A mint mark is a small letter struck on an open area of a coin to represent the mint location where it was made. While mint marks began in ancient Greece and Rome, the first mint marks to appear on coins in the United States were in 1838. Mint marks were usually struck on the reverse side of the coins. In 1968, however, mint director Eva Adams changed the striking to the obverse of the coin in order to gain uniformity.

    Mint marks are quite important to collectors because they help to determine a coin's value. A coin may have been struck in mass quantities at one mint, yet struck in smaller quantities at another. The coin struck in smaller quantities may be worth more than the one produced at a larger count. Mint marks are also important to collectors who gather the same coin from every mint it was struck.

    The Philadelphia Mint has always been the main U.S. Mint location, yet the majority of coins struck there did not have mint marks until 1980. It carried the title of the world's largest mint until 2009. All coins from Philadelphia carry the letter "P". Pennies, however, are the exception, as they do not carry mint marks.

    The Denver Mint opened in 1906 due to the gold and silver discoveries in Colorado. Coins produced there are marked with the letter "C". The West Point Mint opened in 1988 and coins produced there are marked with the letter "W". The San Francisco Mint opened in 1854, thanks to the gold rush in California. Coins produced there are marked with an "S".

    Coin Grading
    The grade of a coin is an essential element of information when it comes to coin collecting. The grade explains what physical condition the coin is in, therefore is important in determining a particular coin's value. Below explains the different coin grades given by most certification companies, from flawless to poor condition.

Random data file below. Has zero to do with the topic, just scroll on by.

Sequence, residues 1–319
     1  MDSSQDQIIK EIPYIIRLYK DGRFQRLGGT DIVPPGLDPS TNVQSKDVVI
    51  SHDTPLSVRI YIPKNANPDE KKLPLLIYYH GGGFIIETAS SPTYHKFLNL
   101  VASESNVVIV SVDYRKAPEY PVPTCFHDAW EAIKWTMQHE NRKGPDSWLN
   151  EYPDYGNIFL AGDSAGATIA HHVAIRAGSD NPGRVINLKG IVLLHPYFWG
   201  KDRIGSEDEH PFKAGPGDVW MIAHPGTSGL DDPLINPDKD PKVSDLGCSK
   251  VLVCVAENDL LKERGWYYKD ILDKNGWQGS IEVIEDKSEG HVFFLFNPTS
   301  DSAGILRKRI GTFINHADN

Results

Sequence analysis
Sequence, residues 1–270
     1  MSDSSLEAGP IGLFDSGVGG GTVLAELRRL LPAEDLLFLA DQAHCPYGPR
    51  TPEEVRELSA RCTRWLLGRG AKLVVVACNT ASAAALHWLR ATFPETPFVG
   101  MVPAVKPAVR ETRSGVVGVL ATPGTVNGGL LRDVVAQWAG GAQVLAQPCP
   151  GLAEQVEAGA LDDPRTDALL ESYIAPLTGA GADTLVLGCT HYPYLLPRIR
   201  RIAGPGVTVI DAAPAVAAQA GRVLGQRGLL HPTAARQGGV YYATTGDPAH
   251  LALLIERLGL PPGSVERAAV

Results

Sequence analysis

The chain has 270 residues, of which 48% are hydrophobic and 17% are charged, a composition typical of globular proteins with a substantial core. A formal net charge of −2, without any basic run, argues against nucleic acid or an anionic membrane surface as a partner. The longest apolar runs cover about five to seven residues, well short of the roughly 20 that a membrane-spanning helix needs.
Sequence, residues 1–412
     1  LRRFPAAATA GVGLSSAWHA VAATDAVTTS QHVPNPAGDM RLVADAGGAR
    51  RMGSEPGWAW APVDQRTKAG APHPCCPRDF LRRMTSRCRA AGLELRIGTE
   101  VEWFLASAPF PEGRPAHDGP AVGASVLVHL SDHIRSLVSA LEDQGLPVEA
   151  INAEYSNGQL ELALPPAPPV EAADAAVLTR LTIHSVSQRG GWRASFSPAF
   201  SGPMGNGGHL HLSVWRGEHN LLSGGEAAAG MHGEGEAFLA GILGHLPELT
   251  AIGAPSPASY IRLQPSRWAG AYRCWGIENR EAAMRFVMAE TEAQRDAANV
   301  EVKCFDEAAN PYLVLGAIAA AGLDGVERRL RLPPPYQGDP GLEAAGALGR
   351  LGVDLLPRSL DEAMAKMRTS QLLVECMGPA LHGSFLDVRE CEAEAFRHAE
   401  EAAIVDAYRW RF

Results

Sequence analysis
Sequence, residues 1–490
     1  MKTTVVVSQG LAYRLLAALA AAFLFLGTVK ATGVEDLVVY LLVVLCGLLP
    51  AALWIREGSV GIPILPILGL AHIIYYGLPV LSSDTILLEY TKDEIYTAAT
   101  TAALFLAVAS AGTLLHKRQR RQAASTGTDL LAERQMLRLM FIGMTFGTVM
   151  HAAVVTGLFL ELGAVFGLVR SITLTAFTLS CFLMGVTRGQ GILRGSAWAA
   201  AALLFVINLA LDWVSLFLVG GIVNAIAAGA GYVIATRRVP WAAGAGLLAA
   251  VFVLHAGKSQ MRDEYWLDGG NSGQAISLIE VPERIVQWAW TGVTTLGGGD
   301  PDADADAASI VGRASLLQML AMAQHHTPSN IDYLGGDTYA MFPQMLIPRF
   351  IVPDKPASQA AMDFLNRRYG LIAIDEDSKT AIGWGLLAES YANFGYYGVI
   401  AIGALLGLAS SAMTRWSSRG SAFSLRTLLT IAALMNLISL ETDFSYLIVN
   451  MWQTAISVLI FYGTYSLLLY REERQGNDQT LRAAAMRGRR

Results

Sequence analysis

• Mint State (MS-70 through MS-60): a coin with no imperfections after production at a 5x magnification is considered a MS-70 grade. MS-69 to MS-60 advises what level of Mint State a coin might be given the small imperfections; MS-60 is the lowest Mint State grade.
  • About Uncirculated (AU-58, 55, 53, 50): a coin where light wearing can be seen somewhere on the coin by the naked eye; MS-50 is the lowest About Uncirculated grade.
  • Extremely Fine (XF-45, 40): a coin that has light wearing throughout; XF-40 is the lowest Extremely Fine grade.
  • Very Fine (VF-35, 30, 25, 20): a coin that still shows the major details but also shows moderate wear; VF-20 is the lowest Very Fine grade.
  • Fine (F-15, 12): a coin showing moderate to heavy wear, but the major details are still visible.
  • Very Good (VG-10, 8): a coin with the design worn down by heavy wear, however the major design is outlined; VG-8 is the lowest Very Good grade.
  • Good (G-6, 4): a coin with flattened details but the design is still outlined, but some features of the coin are unclear; G-4 is the lowest Good grade.
  • About Good (AG-3): a coin with flattened details but the design is still outlined, however some of the edge of the coin is lost because of wear.
  • Fair (FA-2): a coin that is still identifiable in the design and outline, however the edge of the coin is no longer visible.
  • Poor (PR-1): a coin that is still identifiable in the design or date, but in the most poor quality.
  • Coin Certification Companies